I’ll be officing here starting this week, mostly in the mornings t 8:30-noonish (yes, I’ll maintain my corner office at GBM 6-8:30am). The main room has plenty of work spaces, plus a fridge, microwave, coffee pot, water cooler, lockers, and a copy machine/network printer. Not visible: fast wi-fi.
The back (east) room has three areas: a lounge, a big meeting space in the middle (tables, chairs, digital projector), and a smaller conference table in the back. The outdoor deck area (right photo) will have tables and chairs.
Megan Allen Tsui, Executive Director of the Northfield Enterprise Center, announced on the Northfield Coworking blog yesterday (Spur has a home) that they’d signed a lease for 1,400 sq. ft. of space above Dance N’ Fitness and Jenkin’s Jewelers at 313 1/2 Division St. Opening will be in early July.
Among the pluses, according to Megan: high ceilings, wood floors, entrance on Division, street level entrance off of the 5th Street parking lots, handicapped accessible.
Spur can stand for several things- sure, it’s what cowboys wear to make their horses (or businesses?) go faster, but it is also a verb that means "to accelerate." We hope that it is a good descriptor of what we hope coworking does for our community.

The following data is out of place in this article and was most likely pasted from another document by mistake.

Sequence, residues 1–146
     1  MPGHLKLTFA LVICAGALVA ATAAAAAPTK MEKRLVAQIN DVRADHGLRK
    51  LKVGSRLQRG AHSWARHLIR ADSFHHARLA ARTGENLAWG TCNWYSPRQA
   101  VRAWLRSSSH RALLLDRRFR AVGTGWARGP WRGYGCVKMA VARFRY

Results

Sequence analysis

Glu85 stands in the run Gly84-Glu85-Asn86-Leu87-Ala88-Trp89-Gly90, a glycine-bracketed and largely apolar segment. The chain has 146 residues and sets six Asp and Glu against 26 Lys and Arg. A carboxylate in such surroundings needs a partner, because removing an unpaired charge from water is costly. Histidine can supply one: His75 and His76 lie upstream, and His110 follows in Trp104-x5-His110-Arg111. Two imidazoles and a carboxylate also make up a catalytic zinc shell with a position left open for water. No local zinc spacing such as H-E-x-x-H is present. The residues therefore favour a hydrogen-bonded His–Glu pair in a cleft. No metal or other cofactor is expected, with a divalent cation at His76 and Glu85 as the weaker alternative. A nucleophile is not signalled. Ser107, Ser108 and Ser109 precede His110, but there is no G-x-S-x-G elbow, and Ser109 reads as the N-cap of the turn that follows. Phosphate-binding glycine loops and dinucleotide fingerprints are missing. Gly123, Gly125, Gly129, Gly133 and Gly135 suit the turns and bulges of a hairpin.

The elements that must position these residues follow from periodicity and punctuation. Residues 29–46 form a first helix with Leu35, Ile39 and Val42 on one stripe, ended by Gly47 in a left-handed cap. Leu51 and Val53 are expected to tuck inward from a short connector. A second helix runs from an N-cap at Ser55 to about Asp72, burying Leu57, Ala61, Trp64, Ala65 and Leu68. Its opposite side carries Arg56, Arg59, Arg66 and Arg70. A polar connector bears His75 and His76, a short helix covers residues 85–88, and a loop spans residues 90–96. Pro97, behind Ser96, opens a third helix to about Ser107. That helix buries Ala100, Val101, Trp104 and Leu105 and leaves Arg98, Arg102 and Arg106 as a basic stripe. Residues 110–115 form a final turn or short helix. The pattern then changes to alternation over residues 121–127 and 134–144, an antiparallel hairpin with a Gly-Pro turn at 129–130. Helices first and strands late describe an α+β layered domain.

I’m guessing (hoping?) that the name "The Spur" will catch on, for example, "It’s too noisy at the Blue Monday at that hour. Let’s meet at the Spur instead."
No word yet on membership rates or how the space will be configured and furnished.
I don’t have time to summarize what happened (hopefully, ED Megan Tsui will do that!) but I’m guessing there will be a website within a month, as Sean Hayford O’Leary and I volunteered to get that going.
In related news, according to Megan Tsui, NEC’s executive director, "the EDA approved the NEC’s request for $20,000 in matching funds for a grant from SMIF (also $20,000)" for the "design and development of an Incubator/Accelerator (I/A) space in Northfield. The NEC will use a Co-working model with a membership structure to help make the project sustainable for the long-term." See pages 7-14 of last week’s EDA mtg packet.
I toured all three floors of the Aldsworth Building at 19 Bridge Square yesterday, courtesy of Leah Rich at Neuger Communications Group. The Aldsworth is connected to their new space at 25 Bridge Square, formerly the Community Resource Bank.
The Aldsworth seems ideal for a coworking space: smack in the middle of downtown, many small offices, two kitchens, an elevator, and several larger conference-type rooms, two of which overlook Bridge Square (above photos). Here’s the floor plans PDF:
and a few more photos:
Are there other spaces in Northfield that would be ideally suited for a coworking space?
Yesterday afternoon, Megan Allen Tsui, Executive Director of the Northfield Enterprise Center (NEC), convened a meeting of possible stakeholders and other people interested in creating a coworking/incubator/accelerator space in Northfield (background blog post here). We met in a conference room at the Neuger Communications Group.